The 2018 winners included Crop-A-Porter which uses leftovers from food crop harvests to make sustainable bio-textiles; Algae Apparel, which turns algae into bio-fibre and eco-friendly dye [that is also good for the skin]; Smart Stitch, a dissolvable thread that makes repairing and recycling a breeze; The Regenerator, which recirculates fashion by sepa- rating cotton and polyester blends, turning them into new textile fibre; and Fungi Fashion, custom-made clothes made from decomposable mushroom roots.
There are incredibly novel, disruptive solutions that come from an ecosystem of exchange between such diverse fields as bio-chemical engineering, waste management, technology and daring start-up entrepreneurs. It is predominantly innovative engagement between technology and different stake-holders in our industry, that will propel fashion into the next millennia.

“In this linear model of “take-make-waste”, we have created a dystopian world of “stuffocation”.”

AI is turning the art of fashion forecasting into a serious science—how do you see that panning out in the future?
AI is already transforming the fashion industry in areas of trend forecasting, creation of products and interactions with suppliers and consumers. Brands such as Nike, Adidas, Burberry and Levi’s are already using AI in everything from personalised running shoes to chatbots helping the shoppers. Tommy Hilfiger’s latest association with IBM and FIT uses AI tech in the design process.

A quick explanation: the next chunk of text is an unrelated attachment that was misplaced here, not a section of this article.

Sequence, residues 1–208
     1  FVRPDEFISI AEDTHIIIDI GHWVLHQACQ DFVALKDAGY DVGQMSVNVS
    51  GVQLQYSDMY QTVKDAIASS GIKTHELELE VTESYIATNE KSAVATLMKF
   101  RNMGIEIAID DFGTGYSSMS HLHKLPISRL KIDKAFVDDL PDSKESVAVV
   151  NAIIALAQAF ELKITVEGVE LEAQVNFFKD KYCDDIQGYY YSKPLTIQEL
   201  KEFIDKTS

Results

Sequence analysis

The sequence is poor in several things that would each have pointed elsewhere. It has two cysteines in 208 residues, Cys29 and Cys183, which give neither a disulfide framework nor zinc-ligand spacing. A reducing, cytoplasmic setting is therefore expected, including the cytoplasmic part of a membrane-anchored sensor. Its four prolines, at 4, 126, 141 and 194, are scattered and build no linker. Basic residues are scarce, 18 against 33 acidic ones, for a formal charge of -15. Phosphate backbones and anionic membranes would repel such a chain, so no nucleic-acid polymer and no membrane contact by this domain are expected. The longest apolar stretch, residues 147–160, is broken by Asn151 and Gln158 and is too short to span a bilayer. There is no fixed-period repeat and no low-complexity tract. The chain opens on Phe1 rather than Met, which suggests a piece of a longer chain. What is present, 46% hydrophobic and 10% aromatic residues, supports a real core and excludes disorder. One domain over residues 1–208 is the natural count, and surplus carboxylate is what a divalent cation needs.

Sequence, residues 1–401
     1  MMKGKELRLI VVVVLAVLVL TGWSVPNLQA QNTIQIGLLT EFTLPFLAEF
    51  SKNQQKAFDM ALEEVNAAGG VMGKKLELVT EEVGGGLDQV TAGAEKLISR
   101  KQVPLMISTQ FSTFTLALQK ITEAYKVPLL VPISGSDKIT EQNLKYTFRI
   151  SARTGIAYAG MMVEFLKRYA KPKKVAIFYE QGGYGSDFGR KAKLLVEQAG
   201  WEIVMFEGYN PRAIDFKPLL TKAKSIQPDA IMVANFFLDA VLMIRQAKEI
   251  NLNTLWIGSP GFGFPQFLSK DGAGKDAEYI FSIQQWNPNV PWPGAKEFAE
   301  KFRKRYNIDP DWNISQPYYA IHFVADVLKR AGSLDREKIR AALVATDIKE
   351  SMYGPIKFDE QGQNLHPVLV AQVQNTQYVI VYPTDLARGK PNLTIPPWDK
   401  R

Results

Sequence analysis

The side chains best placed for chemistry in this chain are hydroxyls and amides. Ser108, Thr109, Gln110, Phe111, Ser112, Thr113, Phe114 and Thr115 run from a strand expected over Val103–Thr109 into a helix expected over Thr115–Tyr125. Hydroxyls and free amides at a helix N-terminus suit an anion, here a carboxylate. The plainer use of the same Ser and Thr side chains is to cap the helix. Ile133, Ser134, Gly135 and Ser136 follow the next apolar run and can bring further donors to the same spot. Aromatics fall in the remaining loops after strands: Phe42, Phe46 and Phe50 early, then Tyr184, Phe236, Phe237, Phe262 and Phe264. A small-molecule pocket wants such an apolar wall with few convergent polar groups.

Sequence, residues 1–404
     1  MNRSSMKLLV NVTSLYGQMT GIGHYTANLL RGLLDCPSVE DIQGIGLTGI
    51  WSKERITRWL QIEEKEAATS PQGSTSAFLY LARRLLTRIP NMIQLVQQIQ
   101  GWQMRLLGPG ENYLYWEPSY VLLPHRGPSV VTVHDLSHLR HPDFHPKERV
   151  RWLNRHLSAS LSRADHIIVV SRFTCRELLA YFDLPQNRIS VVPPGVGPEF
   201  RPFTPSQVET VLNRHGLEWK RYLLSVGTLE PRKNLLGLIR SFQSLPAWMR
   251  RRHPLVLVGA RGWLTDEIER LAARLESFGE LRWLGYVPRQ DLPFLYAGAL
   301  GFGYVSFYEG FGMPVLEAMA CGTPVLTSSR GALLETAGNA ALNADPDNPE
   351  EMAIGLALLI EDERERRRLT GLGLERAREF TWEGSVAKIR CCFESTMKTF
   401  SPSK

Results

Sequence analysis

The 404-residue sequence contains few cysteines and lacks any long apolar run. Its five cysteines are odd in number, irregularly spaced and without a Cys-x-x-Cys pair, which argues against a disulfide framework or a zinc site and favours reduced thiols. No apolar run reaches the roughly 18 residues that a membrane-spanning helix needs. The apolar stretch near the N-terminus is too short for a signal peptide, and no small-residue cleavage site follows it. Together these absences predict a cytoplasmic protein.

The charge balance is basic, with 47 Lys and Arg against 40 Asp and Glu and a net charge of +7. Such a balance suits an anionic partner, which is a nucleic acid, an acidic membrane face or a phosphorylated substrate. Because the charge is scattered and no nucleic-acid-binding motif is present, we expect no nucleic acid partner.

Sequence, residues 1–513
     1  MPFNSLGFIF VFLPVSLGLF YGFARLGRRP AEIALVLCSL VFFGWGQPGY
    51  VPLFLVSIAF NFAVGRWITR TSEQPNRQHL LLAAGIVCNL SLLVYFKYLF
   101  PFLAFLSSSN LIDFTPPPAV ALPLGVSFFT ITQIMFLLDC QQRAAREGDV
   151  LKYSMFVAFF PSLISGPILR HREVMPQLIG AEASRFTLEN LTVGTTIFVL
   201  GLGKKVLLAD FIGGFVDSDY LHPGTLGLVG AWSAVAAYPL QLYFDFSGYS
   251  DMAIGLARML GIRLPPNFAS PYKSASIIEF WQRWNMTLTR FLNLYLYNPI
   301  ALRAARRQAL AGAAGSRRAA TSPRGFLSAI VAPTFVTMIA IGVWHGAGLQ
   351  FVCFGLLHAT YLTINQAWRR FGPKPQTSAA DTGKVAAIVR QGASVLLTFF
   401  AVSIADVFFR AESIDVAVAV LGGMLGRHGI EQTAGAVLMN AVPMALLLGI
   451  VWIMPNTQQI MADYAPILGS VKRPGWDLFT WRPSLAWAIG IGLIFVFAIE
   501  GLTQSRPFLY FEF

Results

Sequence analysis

Whilst fundamentally I do believe that with tech innovation we can build a strong and transparent fashion ecosystem across the supply chain, if uncontrolled, it reminds me of the sentient machines that take over in Kubrick’s 2001: A Space Odyssey II!
I had a very interesting conversation with Li Edelkoort, a leading Danish trend-forecaster, who consults with some of the leading brands of the world. She said she has a client in Japan who fired his designers because his company prefers big data, machine learning and AI design intervention to help create new products. She says that with this level of technology the fashion machinery will slow down further. Soon we will have labels that will say “made by humans” because we will, she says, “value designs that come from the creative upsurge in the right side of the brain, not the left.”

What does one do as a fashion enthusiast, fashion professional, indie designer or a fashion house to stay relevant in today’s world?